poorrichardsnews says: What happens when the government "shuts down"? Is it like the weekend when the majority of government offices shut down? Or maybe like a national holiday where pretty much everything haults? Actually no, fewer things actually close during a "shutdown" than during an average Sunday. Essential functions stay open. Air traffic control, military, border patrol, embassies... Social Security and Medicare checks go out. So, what is it we're afraid of? Yosemite won't be open?
» SFB says: Well, let’s see … 40 percent of federal employees (or about 800,000 people) will effectively go without pay, which will have an economic effect due to the sheer number of people affected. And it’s not clear that when the shutdown is over, they’ll get paid retroactively. Federal contractors, however, most certainly won’t get anything after the fact. That’s not a small part of the economy, either—roughly $300 billion is spent by the federal government on contractors each year, which is a huge infusion into the economy. Doing some back-of-the-napkin math—obviously some things will keep running, because they have to—that’s about $821 million per day.
(Military employees will be forced to work, but unless a stopgap is set, they won’t receive pay. To the House’s credit, they’re working on a stopgap for that specific case.)
As Rep. Rush Holt (D-NJ) notes, unemployment benefit payments to states would be affected, meaning extra financial burdens on the state governments which will have to make up for the deficit caused—and potentially those out of work. You won’t be able to get a passport during this period, and it’s likely that you won’t be able to get a home loan guarantee or a small-business loan from the FHA and the SBA, respectively. And farmers, who receive subsidies from the federal government, wouldn’t get those subsidies.
Veterans benefits felt the pain as well during the 1995 shutdown, and though moves have been made to prevent something similar to that, Holt suggests in his list that vets could still face benefits cuts as a result.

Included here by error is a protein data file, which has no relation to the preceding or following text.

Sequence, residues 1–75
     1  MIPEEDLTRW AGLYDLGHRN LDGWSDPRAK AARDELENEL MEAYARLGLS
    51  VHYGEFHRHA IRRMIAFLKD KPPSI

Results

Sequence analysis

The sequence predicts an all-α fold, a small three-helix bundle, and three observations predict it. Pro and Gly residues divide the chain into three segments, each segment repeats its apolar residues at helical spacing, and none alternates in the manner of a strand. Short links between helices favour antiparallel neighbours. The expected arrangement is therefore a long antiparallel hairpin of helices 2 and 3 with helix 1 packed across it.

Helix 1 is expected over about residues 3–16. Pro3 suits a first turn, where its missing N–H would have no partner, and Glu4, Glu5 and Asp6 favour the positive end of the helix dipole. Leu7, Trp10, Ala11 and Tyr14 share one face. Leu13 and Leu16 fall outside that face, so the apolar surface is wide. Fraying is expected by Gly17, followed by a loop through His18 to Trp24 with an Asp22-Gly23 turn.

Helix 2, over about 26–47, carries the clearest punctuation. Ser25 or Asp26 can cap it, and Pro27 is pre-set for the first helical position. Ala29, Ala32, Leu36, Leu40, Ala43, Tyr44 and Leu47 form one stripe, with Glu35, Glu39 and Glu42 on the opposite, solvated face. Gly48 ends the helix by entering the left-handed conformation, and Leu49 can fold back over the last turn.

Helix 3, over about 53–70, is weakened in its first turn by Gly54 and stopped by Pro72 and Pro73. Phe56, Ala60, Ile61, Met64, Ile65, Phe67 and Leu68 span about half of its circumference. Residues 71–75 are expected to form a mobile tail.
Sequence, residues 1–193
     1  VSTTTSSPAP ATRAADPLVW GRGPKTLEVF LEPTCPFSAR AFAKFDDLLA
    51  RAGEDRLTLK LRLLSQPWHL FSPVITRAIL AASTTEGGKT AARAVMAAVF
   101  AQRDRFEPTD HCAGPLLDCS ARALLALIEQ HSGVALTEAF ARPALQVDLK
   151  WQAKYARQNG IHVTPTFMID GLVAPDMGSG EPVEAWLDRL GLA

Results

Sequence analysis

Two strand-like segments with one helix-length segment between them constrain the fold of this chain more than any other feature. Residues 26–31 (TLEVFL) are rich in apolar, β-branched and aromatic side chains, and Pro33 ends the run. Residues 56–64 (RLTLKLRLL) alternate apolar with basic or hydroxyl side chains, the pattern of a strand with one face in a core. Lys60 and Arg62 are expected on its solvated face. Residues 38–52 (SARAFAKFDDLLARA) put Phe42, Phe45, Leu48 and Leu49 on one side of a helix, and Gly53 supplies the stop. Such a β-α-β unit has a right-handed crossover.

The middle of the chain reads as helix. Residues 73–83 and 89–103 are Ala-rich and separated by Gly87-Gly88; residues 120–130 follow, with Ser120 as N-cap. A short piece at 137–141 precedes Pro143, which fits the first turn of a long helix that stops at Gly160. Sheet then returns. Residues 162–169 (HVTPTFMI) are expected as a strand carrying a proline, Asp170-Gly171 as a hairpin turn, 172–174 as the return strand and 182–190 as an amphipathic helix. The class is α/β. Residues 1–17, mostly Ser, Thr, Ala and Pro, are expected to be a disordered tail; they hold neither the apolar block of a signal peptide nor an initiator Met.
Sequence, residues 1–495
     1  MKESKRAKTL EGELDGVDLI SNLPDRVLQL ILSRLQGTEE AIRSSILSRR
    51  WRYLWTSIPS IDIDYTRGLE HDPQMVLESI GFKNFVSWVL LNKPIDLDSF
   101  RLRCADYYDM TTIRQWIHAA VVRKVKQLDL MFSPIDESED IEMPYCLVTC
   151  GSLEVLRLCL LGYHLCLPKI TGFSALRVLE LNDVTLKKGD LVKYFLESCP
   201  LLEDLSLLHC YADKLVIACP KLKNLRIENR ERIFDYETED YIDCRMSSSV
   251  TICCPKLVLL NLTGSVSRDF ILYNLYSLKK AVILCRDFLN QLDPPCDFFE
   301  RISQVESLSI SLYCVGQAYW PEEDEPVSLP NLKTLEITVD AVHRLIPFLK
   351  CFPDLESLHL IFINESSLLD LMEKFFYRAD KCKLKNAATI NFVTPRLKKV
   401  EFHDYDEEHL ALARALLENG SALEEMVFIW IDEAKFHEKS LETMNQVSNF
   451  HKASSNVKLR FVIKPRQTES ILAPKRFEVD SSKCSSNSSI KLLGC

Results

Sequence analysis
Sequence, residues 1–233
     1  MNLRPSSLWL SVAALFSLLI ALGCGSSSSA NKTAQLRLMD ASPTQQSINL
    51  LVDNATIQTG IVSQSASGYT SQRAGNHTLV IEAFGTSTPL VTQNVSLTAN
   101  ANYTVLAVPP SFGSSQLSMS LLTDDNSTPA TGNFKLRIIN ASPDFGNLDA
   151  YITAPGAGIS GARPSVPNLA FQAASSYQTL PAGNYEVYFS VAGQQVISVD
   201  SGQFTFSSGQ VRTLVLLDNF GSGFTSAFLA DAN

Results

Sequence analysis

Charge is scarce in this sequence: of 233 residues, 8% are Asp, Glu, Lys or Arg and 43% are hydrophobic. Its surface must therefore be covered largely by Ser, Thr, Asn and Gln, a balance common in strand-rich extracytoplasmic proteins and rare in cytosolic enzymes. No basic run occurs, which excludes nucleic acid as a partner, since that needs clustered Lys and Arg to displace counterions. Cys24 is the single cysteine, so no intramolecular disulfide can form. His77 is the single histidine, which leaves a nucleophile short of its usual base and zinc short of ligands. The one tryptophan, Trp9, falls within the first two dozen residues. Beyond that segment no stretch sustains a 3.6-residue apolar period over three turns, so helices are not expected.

As you point out, National Parks will be closed—and so will the Smithsonian. And good luck getting a tour of the U.S. Capitol during the shutdown. So what, you say? Well, those have ripple effects on the economy. If you can’t go on vacation to the Grand Canyon, you’re probably not going to travel there, and you won’t be spending money there at the privately-owned businesses which depend on the park being open.
The last time the government shut down in 1995, Wonkbook notes an OMB estimate that the federal government lost around $2 billion dollars (in 2013 money). What are the odds we’ll lose more than that this time around? It’s unclear what will happen next, but let’s not downplay the scale of the federal government here and the impact it has on the many parts of the economy. — Ernie @ SFB
» Those who refinance will feel the pinch, too: To help pay for the $33 billion cost of the extended-by-two-months payroll tax cut, the federal government will increase the cost for homeowners to get their homes insured by Fannie Mae and Freddie Mac, who currently back nine out of ten home mortgages in the U.S. The fee, currently around 0.3 percentage points, would jump by 0.1 percentage points, which translates to roughly $17 per month for most homeowners. However, this fee would not affect current homeowners unless they refinance starting next year. Is this the best way to handle the extension?